So many of the burdens that weigh on our minds, that occupy our thoughts, that bring anxiety to our lives, have to do with things of this world that divide our loyalties between God and mammon (i.e., material things — see Mt 6:24). Kempis continues to expand on the issue of obedience and submission by declaring that we must give our whole hearts to the Lord to achieve true and lasting peace (1,9).
In today’s Gospel (Mt 4:12-23), we read of Jesus’ initial calls, soon after He begins His public ministry, to the men who He desires to be His closest collaborators. Above we read of the fishermen brothers who were the first called. The next two verses give us a similar response (“immediately they left”) of another two brothers, also fishermen, James and John.
We may be tempted to think that their quick response was a miraculous event, or that they were in some sort of hypnotic state — after all, it is the Messiah calling them and He should get the helpers He desires, right?
Well, Jesus does not force Himself on anyone. He proposes, not imposes — the pattern we are to follow when sharing the Gospel. All of the followers Jesus invited to ministry consented fully to being His disciples (although they certainly did not know all that it would entail — not even close, I’d wager). So how did they know Jesus? Likely they heard Him preach or at least heard glowing reports of Him (some quite possibly from John the Baptist). Then, when encountering Jesus personally, He certainly must have been a compelling figure.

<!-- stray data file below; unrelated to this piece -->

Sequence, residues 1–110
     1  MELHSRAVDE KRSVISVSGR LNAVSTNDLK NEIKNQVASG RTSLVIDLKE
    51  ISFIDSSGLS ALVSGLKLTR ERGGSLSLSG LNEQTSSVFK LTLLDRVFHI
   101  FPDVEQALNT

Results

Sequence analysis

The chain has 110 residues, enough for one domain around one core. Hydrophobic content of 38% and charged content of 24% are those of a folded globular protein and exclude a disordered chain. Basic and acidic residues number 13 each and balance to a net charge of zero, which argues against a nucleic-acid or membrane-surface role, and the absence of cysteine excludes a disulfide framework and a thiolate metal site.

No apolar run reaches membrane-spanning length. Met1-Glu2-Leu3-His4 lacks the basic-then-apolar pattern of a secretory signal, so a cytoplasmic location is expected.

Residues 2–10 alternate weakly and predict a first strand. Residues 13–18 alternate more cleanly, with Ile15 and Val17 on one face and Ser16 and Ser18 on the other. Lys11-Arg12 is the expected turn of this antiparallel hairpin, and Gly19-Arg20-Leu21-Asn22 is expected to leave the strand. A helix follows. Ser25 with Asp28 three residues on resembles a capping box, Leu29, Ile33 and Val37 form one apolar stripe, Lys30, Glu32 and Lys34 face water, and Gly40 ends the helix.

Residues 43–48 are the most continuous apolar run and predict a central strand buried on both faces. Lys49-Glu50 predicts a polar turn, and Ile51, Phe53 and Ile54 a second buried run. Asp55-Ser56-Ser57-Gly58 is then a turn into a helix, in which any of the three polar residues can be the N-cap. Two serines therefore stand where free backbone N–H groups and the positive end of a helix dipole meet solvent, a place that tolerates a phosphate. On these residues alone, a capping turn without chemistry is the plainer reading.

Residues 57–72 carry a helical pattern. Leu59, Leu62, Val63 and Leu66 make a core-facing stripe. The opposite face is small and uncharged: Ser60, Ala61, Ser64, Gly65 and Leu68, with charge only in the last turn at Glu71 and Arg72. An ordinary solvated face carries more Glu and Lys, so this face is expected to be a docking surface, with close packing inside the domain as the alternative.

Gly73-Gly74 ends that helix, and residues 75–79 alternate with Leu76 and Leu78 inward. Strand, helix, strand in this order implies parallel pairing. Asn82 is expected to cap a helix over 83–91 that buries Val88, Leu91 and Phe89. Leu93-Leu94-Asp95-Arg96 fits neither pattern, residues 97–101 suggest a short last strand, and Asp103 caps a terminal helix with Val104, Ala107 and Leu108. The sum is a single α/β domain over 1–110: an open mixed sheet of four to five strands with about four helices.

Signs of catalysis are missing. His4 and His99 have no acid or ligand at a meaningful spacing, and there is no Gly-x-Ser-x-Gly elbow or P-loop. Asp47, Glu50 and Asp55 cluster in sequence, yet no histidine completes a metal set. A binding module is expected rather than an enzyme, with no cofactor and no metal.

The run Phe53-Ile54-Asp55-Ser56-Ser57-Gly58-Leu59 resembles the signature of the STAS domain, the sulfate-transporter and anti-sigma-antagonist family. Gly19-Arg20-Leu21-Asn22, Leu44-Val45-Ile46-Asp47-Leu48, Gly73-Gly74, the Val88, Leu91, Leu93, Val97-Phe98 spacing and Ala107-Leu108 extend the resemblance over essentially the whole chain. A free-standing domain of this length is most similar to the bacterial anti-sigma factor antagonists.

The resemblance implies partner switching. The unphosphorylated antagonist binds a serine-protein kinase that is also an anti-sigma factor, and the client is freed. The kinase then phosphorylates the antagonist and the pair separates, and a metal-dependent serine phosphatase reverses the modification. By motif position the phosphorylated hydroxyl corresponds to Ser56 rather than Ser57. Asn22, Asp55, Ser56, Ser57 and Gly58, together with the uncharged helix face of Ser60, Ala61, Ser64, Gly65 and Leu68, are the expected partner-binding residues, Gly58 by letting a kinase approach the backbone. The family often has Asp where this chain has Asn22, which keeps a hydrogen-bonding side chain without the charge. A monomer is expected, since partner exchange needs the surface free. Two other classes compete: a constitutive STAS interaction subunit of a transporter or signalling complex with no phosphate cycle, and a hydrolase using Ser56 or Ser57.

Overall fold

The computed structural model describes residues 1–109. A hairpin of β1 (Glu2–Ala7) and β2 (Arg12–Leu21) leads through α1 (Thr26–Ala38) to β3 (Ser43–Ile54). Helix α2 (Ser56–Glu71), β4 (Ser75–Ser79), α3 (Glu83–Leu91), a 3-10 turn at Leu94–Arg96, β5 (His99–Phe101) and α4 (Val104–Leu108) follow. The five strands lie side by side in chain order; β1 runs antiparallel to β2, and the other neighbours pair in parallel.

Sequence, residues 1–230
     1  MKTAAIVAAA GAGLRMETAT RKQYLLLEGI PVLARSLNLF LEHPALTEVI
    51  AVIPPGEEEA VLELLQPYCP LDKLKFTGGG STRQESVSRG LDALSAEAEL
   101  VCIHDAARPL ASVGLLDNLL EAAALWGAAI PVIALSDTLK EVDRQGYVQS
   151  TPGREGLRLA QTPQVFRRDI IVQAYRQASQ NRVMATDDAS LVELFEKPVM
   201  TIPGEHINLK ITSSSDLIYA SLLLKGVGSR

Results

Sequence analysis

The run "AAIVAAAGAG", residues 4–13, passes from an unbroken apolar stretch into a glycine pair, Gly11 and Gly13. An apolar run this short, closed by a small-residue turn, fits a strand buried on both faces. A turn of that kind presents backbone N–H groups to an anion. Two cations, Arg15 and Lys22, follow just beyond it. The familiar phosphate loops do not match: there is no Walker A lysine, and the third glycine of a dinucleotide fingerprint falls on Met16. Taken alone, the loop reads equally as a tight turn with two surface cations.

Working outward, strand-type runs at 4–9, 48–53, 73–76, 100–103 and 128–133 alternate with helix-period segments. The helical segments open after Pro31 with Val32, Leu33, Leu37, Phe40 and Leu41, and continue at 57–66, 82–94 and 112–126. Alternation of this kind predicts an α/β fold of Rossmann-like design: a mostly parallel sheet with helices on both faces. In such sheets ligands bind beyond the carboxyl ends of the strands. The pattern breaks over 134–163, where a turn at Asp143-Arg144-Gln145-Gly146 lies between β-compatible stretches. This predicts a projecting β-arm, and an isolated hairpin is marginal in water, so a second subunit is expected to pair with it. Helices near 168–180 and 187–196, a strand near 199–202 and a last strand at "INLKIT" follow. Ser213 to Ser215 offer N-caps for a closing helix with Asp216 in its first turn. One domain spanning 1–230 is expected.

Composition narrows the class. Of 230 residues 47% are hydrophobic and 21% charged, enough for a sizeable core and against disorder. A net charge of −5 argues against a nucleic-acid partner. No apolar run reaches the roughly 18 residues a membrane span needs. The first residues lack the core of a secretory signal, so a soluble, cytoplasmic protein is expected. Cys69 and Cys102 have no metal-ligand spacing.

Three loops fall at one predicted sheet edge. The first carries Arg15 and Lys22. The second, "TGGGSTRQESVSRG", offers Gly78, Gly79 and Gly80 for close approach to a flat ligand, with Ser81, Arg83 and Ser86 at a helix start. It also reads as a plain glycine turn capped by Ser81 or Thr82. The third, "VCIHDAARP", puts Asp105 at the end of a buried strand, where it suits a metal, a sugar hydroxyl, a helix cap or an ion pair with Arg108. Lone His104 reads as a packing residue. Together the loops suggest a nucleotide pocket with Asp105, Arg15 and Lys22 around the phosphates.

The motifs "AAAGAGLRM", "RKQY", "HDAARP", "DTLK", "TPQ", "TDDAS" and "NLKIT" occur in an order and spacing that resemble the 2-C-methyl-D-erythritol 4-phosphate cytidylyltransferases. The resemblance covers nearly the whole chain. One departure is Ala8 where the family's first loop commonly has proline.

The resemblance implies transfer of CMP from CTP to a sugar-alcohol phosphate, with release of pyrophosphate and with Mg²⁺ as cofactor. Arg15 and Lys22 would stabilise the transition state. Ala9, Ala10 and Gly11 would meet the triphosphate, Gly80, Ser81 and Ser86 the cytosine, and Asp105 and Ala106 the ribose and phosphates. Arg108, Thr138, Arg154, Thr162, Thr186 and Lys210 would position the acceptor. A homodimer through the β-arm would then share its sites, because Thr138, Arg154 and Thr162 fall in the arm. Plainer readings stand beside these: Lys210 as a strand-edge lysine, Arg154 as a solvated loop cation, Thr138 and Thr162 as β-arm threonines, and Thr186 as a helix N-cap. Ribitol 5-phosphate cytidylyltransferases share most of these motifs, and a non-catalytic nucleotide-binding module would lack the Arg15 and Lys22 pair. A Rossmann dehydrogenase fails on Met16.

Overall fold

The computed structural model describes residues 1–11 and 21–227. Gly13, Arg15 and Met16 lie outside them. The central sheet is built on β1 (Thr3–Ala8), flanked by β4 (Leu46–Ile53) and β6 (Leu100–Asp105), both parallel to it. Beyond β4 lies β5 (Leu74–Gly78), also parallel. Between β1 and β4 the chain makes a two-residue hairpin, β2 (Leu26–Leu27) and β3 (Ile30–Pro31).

In the case of the four men mentioned in today’s Gospel, we have more insight into this episode from Luke (see 5:1-11). When he first encounters these fishers, Jesus actually asks to preach from their boat (all four were working together), so they did hear the Good News directly from Jesus. Then He miraculously provides them a great catch of fish, after which He tells them “from now on you will be catching men” (v. 10).
Jesus invites the whole world to “come after me.” We should renew our commitment to this calling daily by seeking to eliminate all that causes separation between us and God (sin, unnecessary worry, and materialism). We are to lighten our load and what better way to do so than to attach ourselves ever more closely to our Savior who said,
Come to me, all you who labor and are burdened, and I will give you rest. Take my yoke upon you and learn from me, for I am meek and humble of heart; and you will find rest for yourselves. For my yoke is easy, and my burden light. (Mt 11:28-30)
Then we will be much better disposed to become “fishers of men” through word and action.
The Calling of the Apostles Peter and Andrew (1308-1311) by Duccio di Buoninsegna